Barrett P N, Mundt W, Kistner O, Howard M K. 2009. Vero cell platform in vaccine production: moving towards cell culture-based viral vaccines. Expert Rev. Vaccines 8: 607-618. Bevilacqua J M, Young L, Chiu S W, Sparkes J D, Kreeftenberg J G. 1996. Rat immunogenicity assay of inactivated poliovirus. Dev. Biol. Stand. 86: 121-127. Byrd P, Brown K W, Gallimore P H. 1982. Malignant transformation of human embryo retinoblasts by cloned adenovirus 12 DNA. Nature 298: 69-71. Byrd P J, Grand R J A, Gallimore P H. 1988. Differential transformation of primary human embryo retinal cells by adenovirus E1 regions and combinations of E1A+ras. Oncogene 2: 477-484. Campbell S A, Lin J, Dobrikova E Y, Gromeier M. 2005. Genetic determinants of cell type-specific poliovirus propagation in HEK 293 cells. J. Virol. 79: 6281-6290. Card C J, Smith T, Hunsaker B, Barnett B. 2005. Serum-free production of poliovirus: A comparative study using microcarriers, roller bottles and stationary cell culture. In: F. G dia and M. Fussenegger (Eds.), Animal Cell Technology meets Genomics, 761-765. Doi Y, Abe S, Yamamoto H, Hone H, et al. 2001. Progress with inactivated poliovirus vaccines derived from the Sabin strains. In: Brown F (ed): Progress in Polio Eradication: Vaccine Strategies for the End Game. Dev. Biol. 105: 163-169. Van Eikenhorst G, Bakker W A M, Thomassen Y E, van der Pol L A. 2009. Platform technology for viral vaccine production: comparison between attached and suspension Vero cells. Poster and Abstract P70. In: 21st Meeting of the European Society for Animal Cell Technology, Programme and Book of Abstracts. Fallaux F J, Bout A, van der Velde I, van den Wollenberg D J, Hehir K M, Keegan J, et al. New helper cells and matched early region 1-deleted adenovirus vectors prevent generation of replication-competent adenoviruses. Hum Gene Ther 1998 Sep. 1;9(13):1909-17. Furey J. Scale-up of a cell culture perfusion process--A low-shear filtration system that inhibits filter-membrane fouling. Genetic Engineering News. Vol. 22, No. 7, April 2002. Gallimore, P. H., Grand, R. J. A. and Byrd, P. J. (1986). Transformation of human embryo retinoblasts with simian virus 40, adenovirus and ras oncogenes. AntiCancer Res. 6, p499-508. Jiang S, Pye D, Cox J C. 1986. Inactivation of poliovirus with β-propiolactone. J. Biol. Stand. 14: 103-109. John J. 2009. Role of injectable and oral polio vaccines in polio eradication. Expert Rev. Vaccines 8: 5-8. Kew O M, Sutter R W, de Gourville E M, Dowdle W R, Pallansch M A. 2005. Vaccine-derived polioviruses and the endgame strategy for global polio eradication. Annu. Rev. Microbiol. 59: 587-635. Kral K M, Golden K, Zijlstra G, Swaying J, Nieboer M, Chon J H. 2009. Advances in high yielding platform production processes using the PER.C6® human cell line. Abstract P142. In: 21st Meeting of the European Society for Animal Cell Technology, Programme and Book of Abstracts. Merten O.-W., Wu R, Couve E, Crainic R. 1997. Evaluation of the serum-free medium MDSS2 for the production of poliovirus on Vero cells in bioreactors. Cytotechnology 25: 35-44. Montagnon B, Vincent-Falquet J C, Fanget B. 1982. Thousand litre scale microcarrier culture of Vero cells for killed poliovirus vaccine. Promising results. Develop. Biol. Standard. 55: 37-42. Montagnon B J, Fanget B, Vincent-Falquet J C. 1984. Industrial-scale production of inactivated poliovirus vaccine prepared by culture of Vero cells on microcarrier. Rev. Infect. Dis. 6 (suppl. 2): S341-S344. Pau M G, Ophorst C, Koldijk M H, Schouten G, Mehtali M, Uytdehaag F. The human cell line PER.C6 provides a new manufacturing system for the production of influenza vaccines. Vaccine 2001 Mar. 21;19(17-19): 2716-21. Van Wezel A L, van Steenis G, Hannik C A, Cohen H. 1978. New approach to the production of concentrated and purified inactivated polio and rabies tissue culture vaccines. Develop. biol. Standard. 41: 159-168. Wright P F, Modlin J F. 2008. The demise and rebirth of Polio--A modern Phoenix? J. Infect. Dis. 197: 335-336.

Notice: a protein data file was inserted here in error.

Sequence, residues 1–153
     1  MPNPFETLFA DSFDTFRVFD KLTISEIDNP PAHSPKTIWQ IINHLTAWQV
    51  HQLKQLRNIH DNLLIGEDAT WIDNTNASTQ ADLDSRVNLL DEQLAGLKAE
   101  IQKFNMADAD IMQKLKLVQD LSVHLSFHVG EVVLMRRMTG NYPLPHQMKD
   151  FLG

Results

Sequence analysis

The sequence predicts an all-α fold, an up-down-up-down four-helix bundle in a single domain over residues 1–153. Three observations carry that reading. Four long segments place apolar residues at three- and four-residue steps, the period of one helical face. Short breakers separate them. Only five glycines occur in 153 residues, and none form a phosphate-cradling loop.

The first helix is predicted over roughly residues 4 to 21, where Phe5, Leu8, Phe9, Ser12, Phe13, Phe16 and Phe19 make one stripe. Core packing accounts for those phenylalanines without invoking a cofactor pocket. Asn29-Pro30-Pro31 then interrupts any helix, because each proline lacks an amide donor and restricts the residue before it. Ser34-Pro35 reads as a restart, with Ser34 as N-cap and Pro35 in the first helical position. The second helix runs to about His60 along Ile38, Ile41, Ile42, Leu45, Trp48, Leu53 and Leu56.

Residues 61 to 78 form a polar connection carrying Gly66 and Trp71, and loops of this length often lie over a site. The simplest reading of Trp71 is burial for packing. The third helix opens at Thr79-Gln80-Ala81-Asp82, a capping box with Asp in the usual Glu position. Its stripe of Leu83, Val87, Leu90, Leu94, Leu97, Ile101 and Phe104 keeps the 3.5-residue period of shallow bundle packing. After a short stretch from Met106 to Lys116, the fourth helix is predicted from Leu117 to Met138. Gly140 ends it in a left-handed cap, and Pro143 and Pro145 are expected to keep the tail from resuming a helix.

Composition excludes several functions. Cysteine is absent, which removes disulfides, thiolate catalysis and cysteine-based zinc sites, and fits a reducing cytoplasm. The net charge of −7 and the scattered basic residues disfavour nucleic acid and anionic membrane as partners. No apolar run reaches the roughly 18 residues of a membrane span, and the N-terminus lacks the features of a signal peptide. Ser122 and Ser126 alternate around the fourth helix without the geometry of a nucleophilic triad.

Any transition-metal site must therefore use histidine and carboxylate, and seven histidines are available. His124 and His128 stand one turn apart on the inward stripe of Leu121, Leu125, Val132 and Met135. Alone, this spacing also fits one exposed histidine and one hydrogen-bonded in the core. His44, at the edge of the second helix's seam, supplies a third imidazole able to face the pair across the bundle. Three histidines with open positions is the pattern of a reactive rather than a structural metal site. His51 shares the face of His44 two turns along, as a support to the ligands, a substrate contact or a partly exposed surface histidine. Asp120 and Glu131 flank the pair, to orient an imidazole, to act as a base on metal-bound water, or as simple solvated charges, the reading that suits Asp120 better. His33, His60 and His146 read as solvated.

Yakovenko M L, Korotkova E A, Ivanova O E, Eremeeva T P et al. 2009. Evolution of the Sabin vaccine into pathogenic derivatives without appreciable changes in antigenic properties: need for improvement of current poliovirus surveillance. J. Virol. 83: 3402-3406. Yallop C, Crowley J, Cote J, Hegmans-Brouwer K, Lagerwerf F, Gagne R, Martin J C, Oosterhuis N, Opstelten D J, Bout A. Per.C6 cells for the manufacture of biopharmaceutical proteins. Modern Biopharmaceuticals--Design, Development and Optimization. Vol. 3, 2005.
Patent applications in class Poliovirus
Patent applications in all subclasses Poliovirus